I have messed around with Efficiency a bit. Once when I first got the Whizbang Jr and then a year or so later when I had a number of cycles on the battery to see if there was much degradation. Both times I come around 97%. It seems to be a decent number to get the Net aH in versus Net aH out to zero out relative to when my 0.05C Endamps switches the system over to float.

- Cloud
General Discussion / Re: Lithium battery charge profiles
« Last post by 5 Minutes 2 Midnite on Today at 12:00:17 AM »
Five/Jim : Last month marked my 4th year running a full time offgrid LFP setup. Surprisingly I havent had any issues and have gone all this time without owning a generator. My stance is still the same of voltage setpoints and bottom balancing. Through both of those, the system has remained hands off (aside occasionally taking a multimeter to the bank for verification) With that, I am not 100% certain what my battery capacity is relative to day one. One of these upcoming sunny days I need to fully discharge the bank from 100% to ~0% and then back to Float with the house inverter off to get a more accurate measurement of what went into the bank minus charging losses. From an anecdotal perspective, I do not notice any difference in capacity. That is, my regular routine doesn't bring the SOC any lower. Typically I do not use more than 50-60% DOD. My usage could be considered mild to moderate. If we are to take Calb paperwork concerning cycle life, mine would mimic closer to 5000 cycle life. My lifetime Amp-hours currently is 104,356. Take that into my 100aH bank, I am sitting at 1000 cycles. Still running well without noticeable degradation of capacity.

Thanx for the update. Happy to hear your system is doing so well. So, still the same charging strategy. The main thing I noticed about your charge profile is that you are setting float close to the array's resting voltage. When I went on my hunt for the best LFP profile for the Classic I got back "set bulk=absorb=float".

When I went to program the classic there is of course no bulk setting per sey. And you must set float at least .1v below absorb. Still, I have gone with that strategy so far. And I use a whiz bang to terminate absorb (go to float) when end amps = 1. So specifically, I set absorb to 3.45 (55.2) and float to 55.1.

But your notion of dropping float down to near resting voltage is intriguing. It would be interesting to run some load tests and see how much difference in total capacity there is between the two strategies. If any? I'm assuming that my batteries are still charging to 90% or so at the top end (depending upon which charts one consults).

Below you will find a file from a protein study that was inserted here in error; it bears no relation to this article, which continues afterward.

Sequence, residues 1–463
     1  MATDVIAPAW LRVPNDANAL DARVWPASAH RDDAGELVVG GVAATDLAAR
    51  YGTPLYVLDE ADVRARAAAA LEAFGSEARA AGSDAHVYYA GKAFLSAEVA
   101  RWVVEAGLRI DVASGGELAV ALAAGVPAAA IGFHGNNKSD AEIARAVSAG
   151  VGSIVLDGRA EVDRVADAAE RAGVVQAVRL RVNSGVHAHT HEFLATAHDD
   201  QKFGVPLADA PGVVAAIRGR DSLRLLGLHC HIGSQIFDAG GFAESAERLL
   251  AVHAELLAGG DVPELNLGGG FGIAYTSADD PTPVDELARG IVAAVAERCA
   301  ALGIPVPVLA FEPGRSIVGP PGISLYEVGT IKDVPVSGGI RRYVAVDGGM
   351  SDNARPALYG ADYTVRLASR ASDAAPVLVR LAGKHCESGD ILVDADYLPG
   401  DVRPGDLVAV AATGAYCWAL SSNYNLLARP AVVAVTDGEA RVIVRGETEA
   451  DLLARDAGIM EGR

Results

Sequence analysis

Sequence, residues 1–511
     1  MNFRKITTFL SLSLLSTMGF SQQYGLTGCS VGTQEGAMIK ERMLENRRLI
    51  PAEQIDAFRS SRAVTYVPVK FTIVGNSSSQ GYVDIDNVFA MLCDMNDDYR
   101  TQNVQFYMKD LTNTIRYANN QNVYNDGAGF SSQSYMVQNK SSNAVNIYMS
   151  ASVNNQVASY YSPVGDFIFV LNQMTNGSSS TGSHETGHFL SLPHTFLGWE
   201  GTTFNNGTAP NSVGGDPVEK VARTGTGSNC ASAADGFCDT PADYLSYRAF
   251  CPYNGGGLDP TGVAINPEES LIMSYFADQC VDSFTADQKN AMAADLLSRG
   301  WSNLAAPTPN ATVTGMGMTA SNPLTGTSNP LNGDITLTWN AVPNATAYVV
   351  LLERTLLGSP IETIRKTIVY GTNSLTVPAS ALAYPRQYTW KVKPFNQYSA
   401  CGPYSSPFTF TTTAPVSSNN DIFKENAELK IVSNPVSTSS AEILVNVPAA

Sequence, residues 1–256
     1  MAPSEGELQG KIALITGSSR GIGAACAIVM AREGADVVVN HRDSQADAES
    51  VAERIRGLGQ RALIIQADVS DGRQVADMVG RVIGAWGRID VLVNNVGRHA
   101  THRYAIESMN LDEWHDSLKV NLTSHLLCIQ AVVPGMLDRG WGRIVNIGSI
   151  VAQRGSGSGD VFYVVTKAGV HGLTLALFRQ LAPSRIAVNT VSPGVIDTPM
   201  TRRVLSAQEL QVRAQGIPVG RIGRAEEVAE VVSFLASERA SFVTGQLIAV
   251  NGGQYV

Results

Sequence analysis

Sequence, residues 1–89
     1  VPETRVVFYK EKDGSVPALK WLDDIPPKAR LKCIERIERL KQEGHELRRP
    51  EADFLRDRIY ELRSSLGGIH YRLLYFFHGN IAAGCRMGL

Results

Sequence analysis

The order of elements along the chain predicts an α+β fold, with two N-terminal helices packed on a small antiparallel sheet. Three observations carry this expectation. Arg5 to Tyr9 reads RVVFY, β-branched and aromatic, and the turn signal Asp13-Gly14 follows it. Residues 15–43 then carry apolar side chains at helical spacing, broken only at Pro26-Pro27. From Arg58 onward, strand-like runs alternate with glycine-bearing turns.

So, why am I setting end amps to such a low value, you ask? Using that often quoted formula of charging to 0.05C, my 144AH pack should have end amps set to 7.2. However, for now, I'm going by the battery manufacturer's spec sheet, which says to stop charging at 1A (see attached). These are also 3500 cycle rated cells, which is why at the last minute I bought them in lieu of the Calbs. Should I believe the spec sheet? Well it all depends upon whether is was assembled by the engineering department or the marketing department. Who knows?

By the way, what setting are you using for 'battery efficiency %'? The default is 94%.

General Discussion / Re: Lithium battery charge profiles
« Last post by 5 Minutes 2 Midnite on July 22, 2017, 11:29:03 PM »
Anyway - I don't know why the died that one time - that is problem with lithium - the voltage takes a dive very fast and really should have some kind of low voltage protection which I still don't have yet  other than inverter low cutoff.  So that is why I set them up at 80 ah to give me some buffer and not take them too low again. I don't know if the cells got damaged when they went below 2v though I think I caught them fairly quickly .

Very educational. Glad they came back for you. I just iterated through a low voltage cutoff thread over at the Arizona Wind and Sun forum to come up with a solution for my rig. Lots of good ideas for LVD were flushed out. Might be of interest...
General Discussion / Re: Lithium battery charge profiles
« Last post by ClassicCrazy on July 22, 2017, 06:13:47 PM »
In an older pm I reread, you mention setting the lvd at 2.5v
I will turn it up to 48v v if I don't have it there already .

General Discussion / Re: Lithium battery charge profiles
« Last post by Cniemand on July 22, 2017, 05:48:47 PM »
In an older pm I reread, you mention setting the lvd at 2.5v
General Discussion / Re: Lithium battery charge profiles
« Last post by ClassicCrazy on July 22, 2017, 05:26:05 PM »
If I recall correctly, an outback inverter disconnects down around 40v. For you and I with 16 cell systems, that means if the inverter is shutting down the system then each cell is at 2.5v, whereas we should consider 3.0v to be the absolute low 100%DOD.

Larry: Did you see the voltages all remain pretty close of each cell at that SOC? It no doubt does some effect to their capacity long term with bringing them down that low, but I suspect, like my own bank where I had the same occure once that they will all recover nicely.

( Somedays I think how nice it would be to have an outback mate to finally program the inverter for a LFP profile... Then i could setup a genny and have the software disconnects. BUT $3-400 bucks when i would use it once. "Set it and forget it" Meh. )

I borrow an Outback Mate from a friend so was able to set it up - don't remember what I put the low voltage cutoff on the inverter at.
You can get the older model Mate for around $100  if you dig around on ebay . It might be a knockoff because there was a Chinese company that copied Outback Controllers and sell them for half the price.

I havent checked voltages on my cells for awhile. Last night I was -60 amps out of them and voltage was holding steady at 52.2 v so that is good enough for me - though I would like to run them all the way down sometime when I can watch them just to see how much capacity is in them. It could be that I can get more capacity  out of them at smaller loads than large loads.